Mark McIntosh's delivery is fiery and pugnacious; when taking viewers through highlights of a sporting event, he often seems ready, willing and able to jump into the action himself. He's also a good writer and reporter who knows when to shut up and let the pictures do the talking and when to step up and swing for the fences.
Mark McIntosh's delivery is fiery and pugnacious; when taking viewers through highlights of a sporting event, he often seems ready, willing and able to jump into the action himself. He's also a good writer and reporter who knows when to shut up and let the pictures do the talking and when to step up and swing for the fences.
During most sportscasts, the focus is on boys, boys, boys; it's as if Title IX never went into effect. But Colorado Sportswomen, a semi-regular program hosted by Channel 4 longtimer Marcia Neville, puts the focus on the other gender, demonstrating along the way that ath-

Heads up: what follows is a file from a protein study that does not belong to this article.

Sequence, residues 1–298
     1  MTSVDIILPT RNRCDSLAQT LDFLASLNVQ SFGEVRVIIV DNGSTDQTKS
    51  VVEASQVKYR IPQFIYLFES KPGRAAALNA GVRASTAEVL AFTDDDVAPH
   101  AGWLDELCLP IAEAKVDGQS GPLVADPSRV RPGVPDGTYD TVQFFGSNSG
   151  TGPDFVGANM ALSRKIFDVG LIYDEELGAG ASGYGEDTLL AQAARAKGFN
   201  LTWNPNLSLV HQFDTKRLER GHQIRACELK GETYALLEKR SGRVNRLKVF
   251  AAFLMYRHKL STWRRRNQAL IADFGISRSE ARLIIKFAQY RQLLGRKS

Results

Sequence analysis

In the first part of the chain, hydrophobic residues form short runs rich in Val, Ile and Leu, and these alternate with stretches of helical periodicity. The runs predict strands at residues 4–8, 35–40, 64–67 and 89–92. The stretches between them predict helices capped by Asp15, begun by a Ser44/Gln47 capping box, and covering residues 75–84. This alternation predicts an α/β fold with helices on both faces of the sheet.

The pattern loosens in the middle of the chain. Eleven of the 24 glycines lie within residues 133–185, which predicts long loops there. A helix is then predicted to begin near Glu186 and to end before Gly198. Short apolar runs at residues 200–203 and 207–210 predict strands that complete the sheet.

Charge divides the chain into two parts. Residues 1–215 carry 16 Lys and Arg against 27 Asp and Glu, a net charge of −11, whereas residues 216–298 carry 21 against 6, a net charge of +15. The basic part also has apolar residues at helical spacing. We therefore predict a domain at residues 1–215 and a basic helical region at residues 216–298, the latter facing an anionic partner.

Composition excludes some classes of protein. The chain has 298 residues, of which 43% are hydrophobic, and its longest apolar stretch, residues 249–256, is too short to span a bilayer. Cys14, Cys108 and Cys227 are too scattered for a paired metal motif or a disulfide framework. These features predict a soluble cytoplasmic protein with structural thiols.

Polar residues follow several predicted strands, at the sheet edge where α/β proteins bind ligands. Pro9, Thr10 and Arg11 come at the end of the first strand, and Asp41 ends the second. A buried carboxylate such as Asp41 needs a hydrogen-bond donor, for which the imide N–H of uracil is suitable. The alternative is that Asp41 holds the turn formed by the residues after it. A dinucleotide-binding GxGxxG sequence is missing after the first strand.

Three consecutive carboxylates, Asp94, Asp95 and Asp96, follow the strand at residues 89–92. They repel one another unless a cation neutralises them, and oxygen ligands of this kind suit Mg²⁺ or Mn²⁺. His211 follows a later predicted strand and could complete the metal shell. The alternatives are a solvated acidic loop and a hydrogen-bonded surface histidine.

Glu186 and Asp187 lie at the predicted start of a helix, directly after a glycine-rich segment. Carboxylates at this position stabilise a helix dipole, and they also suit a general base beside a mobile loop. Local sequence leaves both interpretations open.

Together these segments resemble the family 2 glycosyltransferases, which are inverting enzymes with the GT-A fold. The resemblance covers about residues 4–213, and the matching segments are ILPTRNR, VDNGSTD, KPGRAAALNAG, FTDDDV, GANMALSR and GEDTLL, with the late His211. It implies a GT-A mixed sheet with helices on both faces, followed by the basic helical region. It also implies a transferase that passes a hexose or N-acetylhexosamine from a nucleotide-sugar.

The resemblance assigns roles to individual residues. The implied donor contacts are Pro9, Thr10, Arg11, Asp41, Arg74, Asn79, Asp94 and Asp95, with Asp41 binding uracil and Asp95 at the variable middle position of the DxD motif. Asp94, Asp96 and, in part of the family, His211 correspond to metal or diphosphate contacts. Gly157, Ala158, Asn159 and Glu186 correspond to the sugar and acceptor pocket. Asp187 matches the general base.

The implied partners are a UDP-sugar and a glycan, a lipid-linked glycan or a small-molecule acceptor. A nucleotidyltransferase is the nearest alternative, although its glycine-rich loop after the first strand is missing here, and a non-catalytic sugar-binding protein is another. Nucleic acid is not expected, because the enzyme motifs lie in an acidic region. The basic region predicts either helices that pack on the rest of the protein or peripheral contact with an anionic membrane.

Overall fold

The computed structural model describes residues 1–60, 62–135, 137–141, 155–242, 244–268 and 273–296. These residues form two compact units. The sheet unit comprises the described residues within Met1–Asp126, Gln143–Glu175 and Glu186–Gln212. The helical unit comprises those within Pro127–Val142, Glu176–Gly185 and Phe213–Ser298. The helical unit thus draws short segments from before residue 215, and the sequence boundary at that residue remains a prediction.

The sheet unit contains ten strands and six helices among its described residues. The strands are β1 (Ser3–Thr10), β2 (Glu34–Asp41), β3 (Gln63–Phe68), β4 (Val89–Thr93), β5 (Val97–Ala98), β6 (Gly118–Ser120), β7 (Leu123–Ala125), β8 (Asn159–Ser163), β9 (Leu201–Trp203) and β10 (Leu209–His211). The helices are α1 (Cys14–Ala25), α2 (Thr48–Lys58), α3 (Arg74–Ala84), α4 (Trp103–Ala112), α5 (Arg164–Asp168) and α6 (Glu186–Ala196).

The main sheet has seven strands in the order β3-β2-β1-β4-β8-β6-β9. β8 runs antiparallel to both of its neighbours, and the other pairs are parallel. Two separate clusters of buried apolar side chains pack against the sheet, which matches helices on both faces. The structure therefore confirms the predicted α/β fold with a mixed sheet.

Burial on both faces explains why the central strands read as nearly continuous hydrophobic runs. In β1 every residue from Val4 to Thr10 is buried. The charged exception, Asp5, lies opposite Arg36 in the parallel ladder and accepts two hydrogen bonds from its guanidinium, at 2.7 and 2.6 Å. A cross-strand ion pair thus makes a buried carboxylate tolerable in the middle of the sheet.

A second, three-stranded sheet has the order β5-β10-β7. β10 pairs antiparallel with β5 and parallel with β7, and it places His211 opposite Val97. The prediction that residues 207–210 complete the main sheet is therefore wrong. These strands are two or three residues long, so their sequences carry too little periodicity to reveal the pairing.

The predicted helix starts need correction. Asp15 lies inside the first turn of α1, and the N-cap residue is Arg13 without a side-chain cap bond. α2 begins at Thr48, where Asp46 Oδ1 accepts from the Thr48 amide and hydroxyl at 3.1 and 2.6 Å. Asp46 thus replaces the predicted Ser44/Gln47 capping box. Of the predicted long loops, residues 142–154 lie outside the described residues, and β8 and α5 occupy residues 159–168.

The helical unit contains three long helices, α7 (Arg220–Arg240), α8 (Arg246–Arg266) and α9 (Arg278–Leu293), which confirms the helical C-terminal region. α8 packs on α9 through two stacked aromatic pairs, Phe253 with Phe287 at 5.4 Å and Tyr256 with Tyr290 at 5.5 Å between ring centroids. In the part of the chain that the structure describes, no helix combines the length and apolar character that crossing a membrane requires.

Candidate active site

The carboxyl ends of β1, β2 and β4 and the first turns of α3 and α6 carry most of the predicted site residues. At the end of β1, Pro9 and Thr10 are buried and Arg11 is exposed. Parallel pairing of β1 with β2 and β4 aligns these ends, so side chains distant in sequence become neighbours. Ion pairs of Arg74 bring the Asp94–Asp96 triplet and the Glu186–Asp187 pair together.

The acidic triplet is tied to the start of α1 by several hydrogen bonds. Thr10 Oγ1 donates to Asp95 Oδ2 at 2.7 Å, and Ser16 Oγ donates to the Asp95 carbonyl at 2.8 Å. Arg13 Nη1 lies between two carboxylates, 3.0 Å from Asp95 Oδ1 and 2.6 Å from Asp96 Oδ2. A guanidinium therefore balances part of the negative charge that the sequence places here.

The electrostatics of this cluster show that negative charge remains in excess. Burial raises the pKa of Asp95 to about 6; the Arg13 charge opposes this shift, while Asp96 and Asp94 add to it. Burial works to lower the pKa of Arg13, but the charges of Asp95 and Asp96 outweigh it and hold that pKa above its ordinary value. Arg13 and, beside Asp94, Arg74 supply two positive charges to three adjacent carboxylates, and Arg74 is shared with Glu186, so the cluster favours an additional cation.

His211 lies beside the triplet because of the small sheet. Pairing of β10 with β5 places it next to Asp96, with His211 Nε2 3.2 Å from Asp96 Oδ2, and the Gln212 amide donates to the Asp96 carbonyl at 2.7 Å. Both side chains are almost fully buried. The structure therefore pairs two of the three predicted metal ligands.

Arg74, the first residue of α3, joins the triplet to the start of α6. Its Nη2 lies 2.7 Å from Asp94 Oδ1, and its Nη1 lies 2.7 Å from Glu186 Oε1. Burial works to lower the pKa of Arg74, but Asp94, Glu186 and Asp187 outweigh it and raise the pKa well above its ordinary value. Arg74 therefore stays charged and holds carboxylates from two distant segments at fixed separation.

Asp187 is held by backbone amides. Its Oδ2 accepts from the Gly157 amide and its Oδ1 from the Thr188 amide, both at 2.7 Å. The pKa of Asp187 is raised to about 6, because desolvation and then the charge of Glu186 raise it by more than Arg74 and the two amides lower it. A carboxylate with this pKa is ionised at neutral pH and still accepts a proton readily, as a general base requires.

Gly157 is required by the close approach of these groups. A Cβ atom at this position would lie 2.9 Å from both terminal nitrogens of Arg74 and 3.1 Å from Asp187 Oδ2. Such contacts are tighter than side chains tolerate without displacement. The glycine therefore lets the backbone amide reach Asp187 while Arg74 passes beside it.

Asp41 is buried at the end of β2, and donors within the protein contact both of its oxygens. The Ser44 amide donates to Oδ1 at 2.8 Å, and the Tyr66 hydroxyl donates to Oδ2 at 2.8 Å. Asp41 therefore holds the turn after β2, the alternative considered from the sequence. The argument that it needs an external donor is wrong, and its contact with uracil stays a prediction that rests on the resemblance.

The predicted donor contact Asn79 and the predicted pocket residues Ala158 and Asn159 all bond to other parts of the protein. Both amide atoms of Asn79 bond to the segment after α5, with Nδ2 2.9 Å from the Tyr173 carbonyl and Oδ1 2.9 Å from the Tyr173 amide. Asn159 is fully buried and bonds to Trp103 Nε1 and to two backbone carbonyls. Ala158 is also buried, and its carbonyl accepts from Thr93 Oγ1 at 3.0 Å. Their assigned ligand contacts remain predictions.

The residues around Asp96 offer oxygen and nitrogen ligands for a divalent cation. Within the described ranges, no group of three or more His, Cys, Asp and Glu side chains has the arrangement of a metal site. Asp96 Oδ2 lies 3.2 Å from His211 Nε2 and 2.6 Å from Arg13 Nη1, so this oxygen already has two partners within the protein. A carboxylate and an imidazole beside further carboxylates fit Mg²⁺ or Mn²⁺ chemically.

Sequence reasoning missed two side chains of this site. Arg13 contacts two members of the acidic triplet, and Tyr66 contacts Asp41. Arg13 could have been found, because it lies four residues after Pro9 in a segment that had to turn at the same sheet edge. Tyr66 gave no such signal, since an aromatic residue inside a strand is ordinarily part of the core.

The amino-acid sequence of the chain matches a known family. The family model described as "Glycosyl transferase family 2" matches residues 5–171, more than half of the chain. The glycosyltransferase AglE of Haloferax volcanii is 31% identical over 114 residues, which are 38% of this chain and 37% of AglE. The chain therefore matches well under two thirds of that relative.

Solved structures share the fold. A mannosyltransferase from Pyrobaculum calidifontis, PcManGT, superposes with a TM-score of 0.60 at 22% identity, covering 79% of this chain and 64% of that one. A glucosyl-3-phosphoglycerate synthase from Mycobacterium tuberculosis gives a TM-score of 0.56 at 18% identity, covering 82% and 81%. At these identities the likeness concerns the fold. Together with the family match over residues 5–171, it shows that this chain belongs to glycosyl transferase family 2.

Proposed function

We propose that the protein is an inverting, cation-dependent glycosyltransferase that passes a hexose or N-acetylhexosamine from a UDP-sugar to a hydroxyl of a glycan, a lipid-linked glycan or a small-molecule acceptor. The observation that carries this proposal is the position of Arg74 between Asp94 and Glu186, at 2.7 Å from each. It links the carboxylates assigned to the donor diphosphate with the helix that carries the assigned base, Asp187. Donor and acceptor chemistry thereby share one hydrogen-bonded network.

letes aren't defined by their jockstraps. The Foundation of American Women in Radio and Television recently named Neville best program host for her Colorado Sportswomen work -- a well-deserved honor for a broadcaster who's toiled for years in dudes' shadows.


During most sportscasts, the focus is on boys, boys, boys; it's as if Title IX never went into effect. But Colorado Sportswomen, a semi-regular program hosted by Channel 4 longtimer Marcia Neville, puts the focus on the other gender, demonstrating along the way that ath-